He also suggested that Cohen may be the only one at fault for not handling the transaction in a legal way, writing that it’s the "lawyer's liability if he made a mistake, not me."
Cohen pleaded guilty in August to, among other crimes, two counts of violating campaign finance laws by exceeding contribution limits and prohibitions on corporations donating directly to candidates.
Daniels received $130,000 directly from Cohen, who used a shell company to pay her. McDougal was paid $150,000 by the company that publishes the National Enquirer, which is run by a Trump ally.
Trump has a history of lying about the payments. He previously denied knowing about the payment to Daniels, only to eventually admit that he had reimbursed Cohen for it.
New facts could still bolster prosecutors’ contention that Trump directed Cohen’s work or that he knew the payments were violating the law.
Unless that happens, however, the president’s defenders say he’s in the clear.
"There's no evidence the president authorized an illegal act,” said Joseph diGenova, a former U.S. attorney in Washington. "The direction of the payment of hush money is not a crime."
The clearest parallel case is the 2012 prosecution of John Edwards, the former senator from North Carolina. He was accused of using nearly $1 million from donors to prevent his pregnant mistress from going public during his failed run for the Democratic presidential nomination in 2008.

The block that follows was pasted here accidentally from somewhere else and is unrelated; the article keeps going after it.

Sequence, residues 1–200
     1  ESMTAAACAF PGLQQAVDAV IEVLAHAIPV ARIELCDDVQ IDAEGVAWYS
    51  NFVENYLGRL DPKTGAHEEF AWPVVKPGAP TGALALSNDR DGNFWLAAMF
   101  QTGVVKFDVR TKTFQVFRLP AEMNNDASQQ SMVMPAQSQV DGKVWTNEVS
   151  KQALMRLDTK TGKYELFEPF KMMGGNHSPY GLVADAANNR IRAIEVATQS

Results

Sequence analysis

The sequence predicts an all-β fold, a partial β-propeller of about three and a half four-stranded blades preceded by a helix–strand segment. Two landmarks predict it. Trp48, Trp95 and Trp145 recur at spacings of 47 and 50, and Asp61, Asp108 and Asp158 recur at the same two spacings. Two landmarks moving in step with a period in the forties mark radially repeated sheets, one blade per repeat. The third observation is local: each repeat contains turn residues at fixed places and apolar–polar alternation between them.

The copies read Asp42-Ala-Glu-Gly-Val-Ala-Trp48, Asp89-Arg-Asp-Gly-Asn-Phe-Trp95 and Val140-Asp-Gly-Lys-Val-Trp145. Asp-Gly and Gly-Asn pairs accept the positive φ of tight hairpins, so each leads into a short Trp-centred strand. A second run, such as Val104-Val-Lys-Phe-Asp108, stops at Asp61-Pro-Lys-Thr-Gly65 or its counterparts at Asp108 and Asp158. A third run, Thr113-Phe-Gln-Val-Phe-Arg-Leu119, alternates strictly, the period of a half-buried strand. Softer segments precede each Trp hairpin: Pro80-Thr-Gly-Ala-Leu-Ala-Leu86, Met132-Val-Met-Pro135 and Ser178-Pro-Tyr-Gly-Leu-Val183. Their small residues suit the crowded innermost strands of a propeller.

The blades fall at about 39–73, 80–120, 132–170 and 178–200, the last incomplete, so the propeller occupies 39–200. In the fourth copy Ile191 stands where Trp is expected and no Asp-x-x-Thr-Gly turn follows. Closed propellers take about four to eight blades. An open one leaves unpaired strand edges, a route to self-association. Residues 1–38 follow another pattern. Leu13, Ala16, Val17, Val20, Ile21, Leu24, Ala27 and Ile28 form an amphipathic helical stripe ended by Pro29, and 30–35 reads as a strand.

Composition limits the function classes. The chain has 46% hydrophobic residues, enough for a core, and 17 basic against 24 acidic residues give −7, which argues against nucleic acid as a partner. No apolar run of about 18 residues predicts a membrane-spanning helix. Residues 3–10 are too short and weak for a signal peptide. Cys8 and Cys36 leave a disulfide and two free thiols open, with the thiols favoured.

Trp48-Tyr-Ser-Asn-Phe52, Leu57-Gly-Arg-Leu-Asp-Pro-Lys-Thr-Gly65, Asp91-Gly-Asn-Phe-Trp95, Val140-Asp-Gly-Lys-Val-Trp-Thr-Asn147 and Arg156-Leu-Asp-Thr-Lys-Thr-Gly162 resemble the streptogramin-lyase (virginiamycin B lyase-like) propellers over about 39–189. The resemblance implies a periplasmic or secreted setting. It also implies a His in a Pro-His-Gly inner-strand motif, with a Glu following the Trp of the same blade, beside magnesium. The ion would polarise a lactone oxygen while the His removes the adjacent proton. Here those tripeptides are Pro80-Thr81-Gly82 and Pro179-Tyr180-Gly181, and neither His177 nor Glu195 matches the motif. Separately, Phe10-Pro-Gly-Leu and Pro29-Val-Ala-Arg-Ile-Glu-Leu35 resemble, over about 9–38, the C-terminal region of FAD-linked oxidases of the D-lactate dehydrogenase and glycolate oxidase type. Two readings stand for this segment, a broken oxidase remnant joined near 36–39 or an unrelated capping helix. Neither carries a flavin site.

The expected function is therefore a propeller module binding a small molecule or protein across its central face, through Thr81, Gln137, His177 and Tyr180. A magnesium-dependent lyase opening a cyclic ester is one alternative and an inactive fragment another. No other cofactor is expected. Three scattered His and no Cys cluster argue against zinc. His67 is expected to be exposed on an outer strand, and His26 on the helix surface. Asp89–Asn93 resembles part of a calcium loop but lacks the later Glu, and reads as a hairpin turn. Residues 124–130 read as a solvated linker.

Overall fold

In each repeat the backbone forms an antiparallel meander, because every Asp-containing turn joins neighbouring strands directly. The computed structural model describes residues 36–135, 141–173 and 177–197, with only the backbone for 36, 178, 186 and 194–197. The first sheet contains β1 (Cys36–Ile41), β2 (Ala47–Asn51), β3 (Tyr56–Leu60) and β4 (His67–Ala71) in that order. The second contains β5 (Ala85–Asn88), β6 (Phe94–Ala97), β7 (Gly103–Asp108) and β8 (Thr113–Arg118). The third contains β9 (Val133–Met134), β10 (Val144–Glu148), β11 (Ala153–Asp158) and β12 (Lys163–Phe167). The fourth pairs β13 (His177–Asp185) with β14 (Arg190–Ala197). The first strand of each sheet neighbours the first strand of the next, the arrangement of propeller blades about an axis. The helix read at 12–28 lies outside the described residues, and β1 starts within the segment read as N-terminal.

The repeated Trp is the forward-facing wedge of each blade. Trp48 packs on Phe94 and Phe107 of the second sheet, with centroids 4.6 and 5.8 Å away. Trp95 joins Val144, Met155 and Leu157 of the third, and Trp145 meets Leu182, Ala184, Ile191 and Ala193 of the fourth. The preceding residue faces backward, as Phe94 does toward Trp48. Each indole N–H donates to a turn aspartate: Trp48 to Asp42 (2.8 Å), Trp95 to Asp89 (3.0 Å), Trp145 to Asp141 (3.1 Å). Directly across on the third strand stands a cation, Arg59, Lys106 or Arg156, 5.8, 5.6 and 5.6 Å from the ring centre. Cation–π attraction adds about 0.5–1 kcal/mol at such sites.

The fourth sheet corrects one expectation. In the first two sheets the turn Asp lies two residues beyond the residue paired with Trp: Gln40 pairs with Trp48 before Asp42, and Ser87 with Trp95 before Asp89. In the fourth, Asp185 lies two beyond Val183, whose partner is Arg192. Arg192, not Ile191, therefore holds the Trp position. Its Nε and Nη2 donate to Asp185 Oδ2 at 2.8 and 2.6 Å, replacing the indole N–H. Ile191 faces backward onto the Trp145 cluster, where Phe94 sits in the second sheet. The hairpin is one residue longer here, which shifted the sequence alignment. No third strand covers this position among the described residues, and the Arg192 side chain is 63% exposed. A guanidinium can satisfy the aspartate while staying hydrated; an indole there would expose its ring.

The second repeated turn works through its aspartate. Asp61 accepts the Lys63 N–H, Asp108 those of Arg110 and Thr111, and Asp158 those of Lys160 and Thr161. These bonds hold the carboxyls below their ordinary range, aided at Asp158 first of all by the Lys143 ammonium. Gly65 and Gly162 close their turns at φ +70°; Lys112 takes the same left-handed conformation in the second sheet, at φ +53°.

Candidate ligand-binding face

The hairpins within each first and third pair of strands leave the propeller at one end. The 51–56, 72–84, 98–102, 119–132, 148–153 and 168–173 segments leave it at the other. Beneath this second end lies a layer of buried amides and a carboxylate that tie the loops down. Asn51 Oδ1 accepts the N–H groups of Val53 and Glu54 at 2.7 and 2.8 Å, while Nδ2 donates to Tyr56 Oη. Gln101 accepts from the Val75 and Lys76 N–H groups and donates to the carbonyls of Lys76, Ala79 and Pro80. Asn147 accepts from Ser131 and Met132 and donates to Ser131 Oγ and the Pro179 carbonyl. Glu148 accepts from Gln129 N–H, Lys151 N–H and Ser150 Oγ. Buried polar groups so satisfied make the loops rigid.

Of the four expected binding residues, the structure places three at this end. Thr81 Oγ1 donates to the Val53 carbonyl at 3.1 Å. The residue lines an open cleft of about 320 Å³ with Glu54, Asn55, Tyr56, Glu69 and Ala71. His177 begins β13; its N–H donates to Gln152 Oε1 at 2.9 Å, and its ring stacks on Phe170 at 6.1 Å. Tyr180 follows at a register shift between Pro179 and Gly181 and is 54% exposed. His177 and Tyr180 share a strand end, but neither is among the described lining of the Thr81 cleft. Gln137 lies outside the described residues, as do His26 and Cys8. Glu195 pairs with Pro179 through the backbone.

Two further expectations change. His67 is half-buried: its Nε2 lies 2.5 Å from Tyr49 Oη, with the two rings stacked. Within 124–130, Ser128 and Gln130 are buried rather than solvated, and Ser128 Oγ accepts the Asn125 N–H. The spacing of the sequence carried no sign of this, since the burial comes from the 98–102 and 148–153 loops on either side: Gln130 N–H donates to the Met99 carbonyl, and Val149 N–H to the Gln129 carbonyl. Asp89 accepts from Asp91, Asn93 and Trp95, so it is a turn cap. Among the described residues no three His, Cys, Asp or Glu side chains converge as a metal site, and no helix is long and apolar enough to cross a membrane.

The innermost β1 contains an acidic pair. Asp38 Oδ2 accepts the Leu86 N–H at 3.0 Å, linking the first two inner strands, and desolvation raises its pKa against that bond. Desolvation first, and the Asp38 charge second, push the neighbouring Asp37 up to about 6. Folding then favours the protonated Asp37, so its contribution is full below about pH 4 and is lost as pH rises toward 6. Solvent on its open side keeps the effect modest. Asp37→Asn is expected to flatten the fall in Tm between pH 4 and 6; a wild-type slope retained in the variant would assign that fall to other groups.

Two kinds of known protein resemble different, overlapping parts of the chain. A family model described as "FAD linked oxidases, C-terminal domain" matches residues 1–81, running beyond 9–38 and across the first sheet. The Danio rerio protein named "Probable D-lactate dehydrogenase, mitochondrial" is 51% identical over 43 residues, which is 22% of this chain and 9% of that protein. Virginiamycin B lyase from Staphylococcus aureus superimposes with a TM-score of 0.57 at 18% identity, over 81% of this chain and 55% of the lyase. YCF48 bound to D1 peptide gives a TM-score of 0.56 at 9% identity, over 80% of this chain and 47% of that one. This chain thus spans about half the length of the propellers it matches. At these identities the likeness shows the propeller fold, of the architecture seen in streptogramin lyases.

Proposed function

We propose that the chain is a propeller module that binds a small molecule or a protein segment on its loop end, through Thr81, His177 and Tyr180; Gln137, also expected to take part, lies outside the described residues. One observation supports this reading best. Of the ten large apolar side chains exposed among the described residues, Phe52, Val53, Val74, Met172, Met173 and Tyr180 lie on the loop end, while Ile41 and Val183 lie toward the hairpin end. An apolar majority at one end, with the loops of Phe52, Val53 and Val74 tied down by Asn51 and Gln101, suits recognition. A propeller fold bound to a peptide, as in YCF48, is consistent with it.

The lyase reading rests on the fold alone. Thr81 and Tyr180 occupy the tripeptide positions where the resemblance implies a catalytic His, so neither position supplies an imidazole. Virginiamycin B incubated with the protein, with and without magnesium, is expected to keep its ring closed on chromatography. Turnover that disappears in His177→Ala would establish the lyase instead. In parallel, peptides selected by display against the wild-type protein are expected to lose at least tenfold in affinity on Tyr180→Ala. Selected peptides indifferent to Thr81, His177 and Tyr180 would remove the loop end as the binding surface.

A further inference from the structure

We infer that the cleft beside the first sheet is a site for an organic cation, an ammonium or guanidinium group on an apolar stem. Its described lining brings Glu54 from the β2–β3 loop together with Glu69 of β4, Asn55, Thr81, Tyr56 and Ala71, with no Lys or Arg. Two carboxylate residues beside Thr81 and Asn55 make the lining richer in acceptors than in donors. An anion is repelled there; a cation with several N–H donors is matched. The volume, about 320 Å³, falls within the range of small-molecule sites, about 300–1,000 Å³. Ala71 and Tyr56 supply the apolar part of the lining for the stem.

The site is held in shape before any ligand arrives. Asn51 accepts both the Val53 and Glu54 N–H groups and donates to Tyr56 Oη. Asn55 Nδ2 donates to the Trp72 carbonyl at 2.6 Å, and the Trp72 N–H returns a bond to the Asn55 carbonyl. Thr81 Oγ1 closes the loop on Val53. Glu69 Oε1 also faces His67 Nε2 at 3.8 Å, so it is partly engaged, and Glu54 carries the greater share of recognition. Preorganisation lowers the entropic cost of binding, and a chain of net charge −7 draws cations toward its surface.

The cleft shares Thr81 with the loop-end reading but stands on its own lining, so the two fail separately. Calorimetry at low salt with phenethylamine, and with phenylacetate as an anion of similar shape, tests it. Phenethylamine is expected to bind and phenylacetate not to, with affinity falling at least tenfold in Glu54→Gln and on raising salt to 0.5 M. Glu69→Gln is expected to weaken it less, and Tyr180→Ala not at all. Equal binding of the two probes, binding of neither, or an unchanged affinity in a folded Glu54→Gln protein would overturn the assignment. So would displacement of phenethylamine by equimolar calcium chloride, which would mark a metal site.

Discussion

Edwards argued that the payments were intended to prevent his wife from discovering the affair, not for a political purpose. A jury acquitted Edwards on one charge and deadlocked on five others, a sign of how difficult such cases can be.
"It depends on whether the payment, whether it's hush money or anything else, was made with the intent of influencing the election,” said Daniel Petalas, a former acting general counsel at the Federal Election Commission and public corruption prosecutor at the Justice Department.
Paul S. Ryan, a vice president at Common Cause, an election watchdog group, said Trump could face a stiffer challenge. Daniels and McDougal were paid years after the alleged affairs but less than a month before election day in 2016, suggesting the payments were directly tied to the election.
Several legal experts said Trump faces a serious threat in the hush money case.
“They are clearly going after the president on campaign finance violations,” Andrew McCarthy, a conservative writer and former federal prosecutor, said on Fox News on Sunday. “It’s clear that Trump is the target and he’ll be indicted eventually.”